A Juxtaposition in Choosing a Home

VersaillesDocumentary: The Queen of Versailles (2012). This film offers a peek into to the lives of a billionaire family and their financial challenges in the wake of the economic crisis of 2008. With epic proportions of a Shakespearean tragedy, the film follows two unique characters, whose rags-to-riches success stories reveal the innate virtues and flaws of the American Dream.

The film begins with the family triumphantly constructing the largest privately-owned house in the United States, a 90,000 sq. ft. palace, a feat made possible by the real estate bubble and cheap money.

Over the next two years, their sprawling empire falters due to the economic crisis that devastated many Americans.  As the drama unfolds, significant changes in lifestyle and character ensue within the cross-cultural household of family members and their domestic staff.

Available for streaming at Netflix, YouTube, and iTunes

Documentary: We The Tiny House People (2012). As city populations increase and rents continue to escalate, a new trend of living in smaller spaces has emerged. From tiny houses to micro-apartments, thousands are downsizing.

This film nicely captures the energy behind the small house movement. Over the course of five years, Kirsten Dirksen, co-founder of faircompanies.com and a Huffington Post blogger, journeys into the lives and homes of people searching for simplicity, self-sufficiency, minimalism, and happiness by creating shelter in caves, converted garages, trailers, tool sheds, river boats and former pigeon coops.

Tiny HouseDirksen notes, “I still live in a relatively spacious 1,000 square foot apartment with my family of 4 (soon-to-be 5) and I’m not looking to downsize, but I can’t get enough of these tiny homes. I’m sure there’s something Thoreauvian in my attraction to the examined lives of those who inhabit them.”

Available for streaming at YouTube

 

Documentary: Tiny: A Story About Living Small (2013). In this film, Christopher Smith and Merete Mueller ask, “What is home?” After traveling for the better part of a decade of travel, approaching his 30th birthday, Christopher Smith plant roots. He buys a 5-acre plot of land in hopes of fulfilling a lifelong dream of building a home, having no construction experience, in the mountains of Colorado.

Tiny - A Story About Living SmallThis film follows the duo as they attempt to build a Tiny House from scratch with no building experience, and profiles other families who have downsized their lives into houses smaller than the average parking space.

Along the way, it is noted that from 1970 to 2010, the average size of a new house in America has almost doubled.

However, in recent years, many are redefining their American Dream to focus on flexibility, financial freedom, and quality of life over quantity of space. Through homes stripped down to their essentials, the film raises questions about sustainability, good design, and the changing American Dream.

Available for streaming at Netflix.

Blogger-in-Chief here at RetirementSavvy and author of Sin City Greed, Cream City Hustle and RENDEZVOUS WITH RETIREMENT: A Guide to Getting Fiscally Fit.

7 Comments

  1. I have watched the “Queen of Versailles.” These are some people that started with way too much money that they didn’t know what to do with. My opinion is that it was extremely wasteful. You will see in the movie that they purchased several million dollars worth of merchandise for the house and they had it in storage. At this point in 2013 there is still no progress being made. What a waste of money. On the other hand I have also seen parts of the Tiny House. This is definitely one extreme to another. Although I agree that it may be a waste of money to build a palace, I think this is the other extreme where you can barely turn around in your space.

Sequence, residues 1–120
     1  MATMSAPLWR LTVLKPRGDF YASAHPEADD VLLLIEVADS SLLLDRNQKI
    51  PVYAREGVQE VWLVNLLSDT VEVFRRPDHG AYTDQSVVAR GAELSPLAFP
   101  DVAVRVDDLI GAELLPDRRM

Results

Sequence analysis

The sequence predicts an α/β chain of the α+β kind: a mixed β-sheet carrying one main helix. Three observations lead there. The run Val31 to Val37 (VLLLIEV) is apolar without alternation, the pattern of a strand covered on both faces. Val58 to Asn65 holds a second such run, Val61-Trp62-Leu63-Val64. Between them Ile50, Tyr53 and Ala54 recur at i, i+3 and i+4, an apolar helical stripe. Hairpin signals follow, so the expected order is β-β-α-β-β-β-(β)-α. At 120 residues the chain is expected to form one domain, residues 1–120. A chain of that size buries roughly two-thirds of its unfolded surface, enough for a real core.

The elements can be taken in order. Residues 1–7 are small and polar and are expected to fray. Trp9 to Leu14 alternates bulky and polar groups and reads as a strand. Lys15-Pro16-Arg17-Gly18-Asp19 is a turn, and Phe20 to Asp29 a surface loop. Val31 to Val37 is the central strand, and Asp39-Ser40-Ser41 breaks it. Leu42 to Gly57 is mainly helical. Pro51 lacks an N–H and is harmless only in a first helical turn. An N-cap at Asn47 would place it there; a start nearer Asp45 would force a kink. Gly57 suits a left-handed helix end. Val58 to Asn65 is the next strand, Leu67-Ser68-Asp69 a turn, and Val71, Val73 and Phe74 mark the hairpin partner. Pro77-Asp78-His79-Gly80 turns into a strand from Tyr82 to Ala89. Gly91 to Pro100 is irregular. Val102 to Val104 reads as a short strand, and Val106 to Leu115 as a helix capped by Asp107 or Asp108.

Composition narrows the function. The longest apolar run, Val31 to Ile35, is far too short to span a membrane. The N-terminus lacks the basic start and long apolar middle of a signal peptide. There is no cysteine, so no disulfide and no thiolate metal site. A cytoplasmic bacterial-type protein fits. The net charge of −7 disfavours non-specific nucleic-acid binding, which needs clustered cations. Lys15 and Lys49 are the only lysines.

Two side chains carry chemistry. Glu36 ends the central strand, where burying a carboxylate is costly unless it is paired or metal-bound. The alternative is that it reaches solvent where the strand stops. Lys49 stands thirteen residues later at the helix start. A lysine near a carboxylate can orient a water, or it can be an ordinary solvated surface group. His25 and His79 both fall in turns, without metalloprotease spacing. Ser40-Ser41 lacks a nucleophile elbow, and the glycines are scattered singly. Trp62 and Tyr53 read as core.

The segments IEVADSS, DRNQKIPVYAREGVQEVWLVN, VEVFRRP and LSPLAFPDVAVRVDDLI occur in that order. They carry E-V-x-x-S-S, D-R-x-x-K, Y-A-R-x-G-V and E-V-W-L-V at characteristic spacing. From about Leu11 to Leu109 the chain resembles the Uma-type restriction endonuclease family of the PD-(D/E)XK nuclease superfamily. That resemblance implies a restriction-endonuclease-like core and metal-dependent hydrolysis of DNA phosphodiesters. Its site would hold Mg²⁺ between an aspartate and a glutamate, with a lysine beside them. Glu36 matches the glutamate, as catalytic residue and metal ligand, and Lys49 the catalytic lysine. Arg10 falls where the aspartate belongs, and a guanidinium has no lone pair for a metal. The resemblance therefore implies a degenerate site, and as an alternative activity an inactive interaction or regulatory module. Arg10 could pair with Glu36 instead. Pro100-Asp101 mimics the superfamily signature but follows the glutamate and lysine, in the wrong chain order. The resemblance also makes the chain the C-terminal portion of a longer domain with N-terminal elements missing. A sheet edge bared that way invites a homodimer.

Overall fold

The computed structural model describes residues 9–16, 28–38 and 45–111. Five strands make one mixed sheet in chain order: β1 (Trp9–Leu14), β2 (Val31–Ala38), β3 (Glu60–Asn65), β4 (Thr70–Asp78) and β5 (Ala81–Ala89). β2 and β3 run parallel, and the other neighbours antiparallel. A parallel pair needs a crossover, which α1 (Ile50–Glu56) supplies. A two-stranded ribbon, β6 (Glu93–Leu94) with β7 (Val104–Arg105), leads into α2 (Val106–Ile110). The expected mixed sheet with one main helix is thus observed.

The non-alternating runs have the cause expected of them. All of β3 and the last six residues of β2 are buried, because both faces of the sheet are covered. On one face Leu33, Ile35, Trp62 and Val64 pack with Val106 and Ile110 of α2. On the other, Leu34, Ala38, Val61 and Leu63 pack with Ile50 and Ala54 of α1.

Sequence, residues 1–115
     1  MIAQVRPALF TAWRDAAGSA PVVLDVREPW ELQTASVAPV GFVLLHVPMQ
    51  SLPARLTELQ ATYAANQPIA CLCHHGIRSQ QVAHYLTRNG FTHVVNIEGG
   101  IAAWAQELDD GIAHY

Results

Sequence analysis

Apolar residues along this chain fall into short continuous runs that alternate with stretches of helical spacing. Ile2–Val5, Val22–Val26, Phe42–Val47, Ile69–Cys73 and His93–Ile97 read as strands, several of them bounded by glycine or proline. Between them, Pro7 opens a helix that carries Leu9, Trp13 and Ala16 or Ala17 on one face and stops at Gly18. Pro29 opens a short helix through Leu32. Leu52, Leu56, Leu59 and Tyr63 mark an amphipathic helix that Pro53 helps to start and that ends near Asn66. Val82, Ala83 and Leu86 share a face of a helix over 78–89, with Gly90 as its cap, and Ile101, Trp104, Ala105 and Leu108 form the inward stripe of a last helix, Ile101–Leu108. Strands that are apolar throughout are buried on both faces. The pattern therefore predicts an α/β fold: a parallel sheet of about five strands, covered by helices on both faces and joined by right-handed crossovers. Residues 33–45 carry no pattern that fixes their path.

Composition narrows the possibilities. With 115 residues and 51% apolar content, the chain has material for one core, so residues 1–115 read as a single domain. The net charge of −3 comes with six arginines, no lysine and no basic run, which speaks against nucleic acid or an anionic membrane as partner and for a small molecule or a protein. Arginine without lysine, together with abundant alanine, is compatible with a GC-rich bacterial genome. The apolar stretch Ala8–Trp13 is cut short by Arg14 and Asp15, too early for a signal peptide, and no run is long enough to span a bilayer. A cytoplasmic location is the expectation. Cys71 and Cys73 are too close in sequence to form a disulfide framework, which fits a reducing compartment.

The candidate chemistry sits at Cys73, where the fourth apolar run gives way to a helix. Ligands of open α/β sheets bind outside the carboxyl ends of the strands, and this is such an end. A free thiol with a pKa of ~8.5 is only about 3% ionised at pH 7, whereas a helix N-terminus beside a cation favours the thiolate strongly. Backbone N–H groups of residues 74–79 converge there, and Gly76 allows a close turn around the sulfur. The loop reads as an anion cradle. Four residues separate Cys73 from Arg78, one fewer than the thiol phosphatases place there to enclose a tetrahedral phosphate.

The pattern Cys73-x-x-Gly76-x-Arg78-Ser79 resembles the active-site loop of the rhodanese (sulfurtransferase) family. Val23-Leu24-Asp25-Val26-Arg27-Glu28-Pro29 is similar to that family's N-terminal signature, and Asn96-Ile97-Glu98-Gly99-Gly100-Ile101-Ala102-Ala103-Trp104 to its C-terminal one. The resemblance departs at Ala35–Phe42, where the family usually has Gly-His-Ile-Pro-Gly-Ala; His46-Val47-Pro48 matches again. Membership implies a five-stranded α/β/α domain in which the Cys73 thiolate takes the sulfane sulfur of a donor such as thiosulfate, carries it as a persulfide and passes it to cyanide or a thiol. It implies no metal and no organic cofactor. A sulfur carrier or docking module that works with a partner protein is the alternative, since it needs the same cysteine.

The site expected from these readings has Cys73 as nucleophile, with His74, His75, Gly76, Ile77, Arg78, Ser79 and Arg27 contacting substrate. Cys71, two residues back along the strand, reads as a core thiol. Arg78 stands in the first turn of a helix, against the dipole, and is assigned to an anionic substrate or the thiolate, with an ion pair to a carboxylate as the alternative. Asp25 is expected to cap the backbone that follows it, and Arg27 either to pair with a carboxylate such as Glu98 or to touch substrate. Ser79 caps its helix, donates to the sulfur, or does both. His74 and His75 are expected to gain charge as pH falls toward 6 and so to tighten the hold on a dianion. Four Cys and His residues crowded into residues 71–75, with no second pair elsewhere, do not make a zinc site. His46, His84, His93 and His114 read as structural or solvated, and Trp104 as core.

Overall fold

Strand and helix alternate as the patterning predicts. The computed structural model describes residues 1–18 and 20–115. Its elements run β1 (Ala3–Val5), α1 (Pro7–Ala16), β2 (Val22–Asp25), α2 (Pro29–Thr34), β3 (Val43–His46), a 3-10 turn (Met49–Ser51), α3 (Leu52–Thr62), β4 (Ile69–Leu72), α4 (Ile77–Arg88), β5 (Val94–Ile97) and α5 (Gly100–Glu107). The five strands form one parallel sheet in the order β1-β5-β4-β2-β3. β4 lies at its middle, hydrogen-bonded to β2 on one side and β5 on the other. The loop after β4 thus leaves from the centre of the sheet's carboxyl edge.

• Great points, Karen. While I have no desire for a home much over 2,000 square feet, I definitely need more than ~ 100 square feet. I firmly believe individuals – and families – should strive for as little space as necessary to be comfortable, vice the grotesque excess displayed in the Queen of Versailles.

      • I love hearing stories of parents with three or four teens who live in tiny houses. They learn to live in the space, cooperating with each other to make it a positive experience. Very encouraging.

  2. I’m really looking forward to these two documentaries. I’m a big fan of the Tiny House movement and I truly believe it could be used to affect America’s current financial nightmare in a very positive way. Adding it to Netflix now!

    • Looking forward to getting your feedback once you have a had a chance to check them out. I liked the idea of recommending these two at the same time as it serves as a great opportunity to compare and contrast what people determine is necessary/desired with regards to housing.

  3. I absolutely love the tiny homes. The small house movement appeals to me. I read a recent article about a couple who retired and built their 800 square foot house themselves, for under $20,000. Now that is self-sufficiency. I look forward to watching this documentary.

    • I have been hearing and reading a lot about the small/tiny house movement lately. While a ~ 100 square foot home is a little too small for me, I appreciate the minimalism and focus on reducing your footprint and appreciating what is really important. Looking forward to getting your feedback once you have had a chance to check out the We The Tiny House People documentary. Thanks for stopping by, Kay.

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